Asset-Based Approaches to Poverty Reduction in a Globalized Context

41 Pages Posted: 6 Sep 2007

See all articles by Caroline Moser

Caroline Moser

University of Manchester; The Brookings Institution; Overseas Development Institute (ODI)

Date Written: November 2006

Abstract

This working paper provides a brief introduction to asset-based approaches to poverty reduction in a globalized context. The aim is to show the added value of asset-based approaches, in terms of both better understanding poverty and developing more appropriate long-term poverty reduction solutions. The paper draws on a number of sources, including: a longitudinal research project on Intergenerational asset accumulation and poverty reduction in Guayaquil 1978-2004; a number of associated background papers; and contributions to the recent Brookings Institution/Ford Foundation Workshop on Asset-based approaches to poverty reduction in a globalized context held in Washington DC on 27-28 June 2006.

The paper starts by outlining an asset accumulation framework, distinguishing between an asset index conceptual framework, as an analytical research tool, and asset accumulation policy, as an associated operational approach. It then elaborates on this framework through a number of basic questions:

What is an asset? This provides a definition of an asset and description of the five most widely known: human, physical, social, financial and natural capital assets.

What new insights can an understanding of asset accumulation give us about poverty reduction? Drawing on the results of the Guayaquil project, this section summarizes a number of asset accumulation stories, to show how analysis of the assets of the poor adds to our understanding of transitions out of poverty and upward mobility.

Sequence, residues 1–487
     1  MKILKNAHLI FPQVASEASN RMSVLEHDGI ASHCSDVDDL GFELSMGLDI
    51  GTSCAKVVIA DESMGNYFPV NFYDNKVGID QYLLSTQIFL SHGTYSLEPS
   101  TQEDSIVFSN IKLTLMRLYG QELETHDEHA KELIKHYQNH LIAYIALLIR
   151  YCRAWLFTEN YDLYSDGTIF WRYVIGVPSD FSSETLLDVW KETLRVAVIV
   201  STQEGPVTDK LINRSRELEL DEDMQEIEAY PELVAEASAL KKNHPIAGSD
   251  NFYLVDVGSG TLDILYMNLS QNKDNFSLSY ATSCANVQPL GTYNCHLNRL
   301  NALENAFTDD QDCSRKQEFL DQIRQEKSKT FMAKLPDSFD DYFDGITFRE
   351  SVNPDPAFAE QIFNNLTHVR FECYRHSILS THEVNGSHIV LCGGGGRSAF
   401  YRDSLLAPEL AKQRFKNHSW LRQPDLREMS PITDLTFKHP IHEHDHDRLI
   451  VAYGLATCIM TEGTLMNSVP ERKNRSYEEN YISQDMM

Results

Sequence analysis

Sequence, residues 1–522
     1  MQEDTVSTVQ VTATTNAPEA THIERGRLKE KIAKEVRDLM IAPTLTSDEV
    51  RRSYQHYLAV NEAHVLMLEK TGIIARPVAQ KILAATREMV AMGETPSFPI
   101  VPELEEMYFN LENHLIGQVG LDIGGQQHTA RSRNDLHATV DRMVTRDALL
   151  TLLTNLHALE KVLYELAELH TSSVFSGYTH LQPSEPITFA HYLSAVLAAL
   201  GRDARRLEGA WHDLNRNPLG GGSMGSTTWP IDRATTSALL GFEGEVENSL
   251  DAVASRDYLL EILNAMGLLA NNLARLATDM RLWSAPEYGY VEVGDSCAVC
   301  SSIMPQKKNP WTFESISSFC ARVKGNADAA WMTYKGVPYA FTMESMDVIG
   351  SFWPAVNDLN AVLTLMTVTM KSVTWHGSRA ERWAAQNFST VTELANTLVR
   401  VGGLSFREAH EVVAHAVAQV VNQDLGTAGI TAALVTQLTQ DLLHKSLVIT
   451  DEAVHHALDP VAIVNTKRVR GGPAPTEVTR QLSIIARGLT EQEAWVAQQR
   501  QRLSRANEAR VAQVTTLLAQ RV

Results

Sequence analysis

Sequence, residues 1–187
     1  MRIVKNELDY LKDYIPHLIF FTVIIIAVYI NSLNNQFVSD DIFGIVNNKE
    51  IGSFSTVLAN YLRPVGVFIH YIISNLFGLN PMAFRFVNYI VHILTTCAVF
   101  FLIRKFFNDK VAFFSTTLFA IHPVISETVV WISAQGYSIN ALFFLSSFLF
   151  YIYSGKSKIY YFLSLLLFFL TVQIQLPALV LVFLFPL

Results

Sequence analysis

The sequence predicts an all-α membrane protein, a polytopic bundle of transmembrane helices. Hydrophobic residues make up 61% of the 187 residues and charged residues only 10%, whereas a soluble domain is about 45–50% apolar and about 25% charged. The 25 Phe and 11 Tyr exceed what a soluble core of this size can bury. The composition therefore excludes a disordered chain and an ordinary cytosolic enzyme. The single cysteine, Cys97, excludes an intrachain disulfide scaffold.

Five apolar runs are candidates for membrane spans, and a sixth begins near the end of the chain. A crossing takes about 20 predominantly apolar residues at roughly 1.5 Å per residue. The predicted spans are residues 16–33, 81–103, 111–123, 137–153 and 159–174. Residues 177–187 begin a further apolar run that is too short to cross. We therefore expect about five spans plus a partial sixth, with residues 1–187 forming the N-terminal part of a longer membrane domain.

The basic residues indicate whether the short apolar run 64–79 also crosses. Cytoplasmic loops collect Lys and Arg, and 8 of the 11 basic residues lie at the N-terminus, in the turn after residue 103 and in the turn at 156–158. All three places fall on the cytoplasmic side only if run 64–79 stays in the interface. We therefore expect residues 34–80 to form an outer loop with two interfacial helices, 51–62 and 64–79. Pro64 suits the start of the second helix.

What is an asset-based approach? This section summarizes the four main asset-based approaches, identifying both analytical and operational approaches, as well as examples of implementation.

How does an asset index conceptual framework contribute to the diagnosis of poverty? To illustrate the utility of an asset index, this section shows how different capital assets are accumulated or eroded at different points over a 25-year period in Guayaquil.

What is an asset accumulation policy? This section summarizes differences and complementarities between social protection policy and asset accumulation policy. It then describes the different components of policies to accumulate assets, distinguishing between first and second generation policies.

How does an asset accumulation approach inform practice in different contexts or sectors? Drawing on workshop papers, this section shows how an asset accumulation framework informs poverty reduction analysis and operational interventions in a range of contexts and sectors. These include: communal assets in urban and rural contexts (housing, human settlements and natural resource management); asset building in post disaster and fragile state contexts; making markets work for the poor (financial assets, international assets and transnational asset accumulation); and assets, rights and citizenship.

The paper ends with a brief concluding comment and discussion of priority themes for further work.

Keywords: poverty, poverty reduction, global economy, asset accumulation policy, Caroline Moser

JEL Classification: I30

Suggested Citation

Moser, Caroline, Asset-Based Approaches to Poverty Reduction in a Globalized Context (November 2006). Global Economy and Development Working Paper No. 01, Available at SSRN: https://ssrn.com/abstract=1011176 or http://dx.doi.org/10.2139/ssrn.1011176

Caroline Moser (Contact Author)

University of Manchester ( email )

Oxford Road
Manchester, M13 9PL
United Kingdom

The Brookings Institution ( email )

1775 Massachusetts Ave. NW
Washington, DC 20036
United States

Overseas Development Institute (ODI) ( email )

111 Westminister Bridge Rd.
London, SE17JD
United Kingdom

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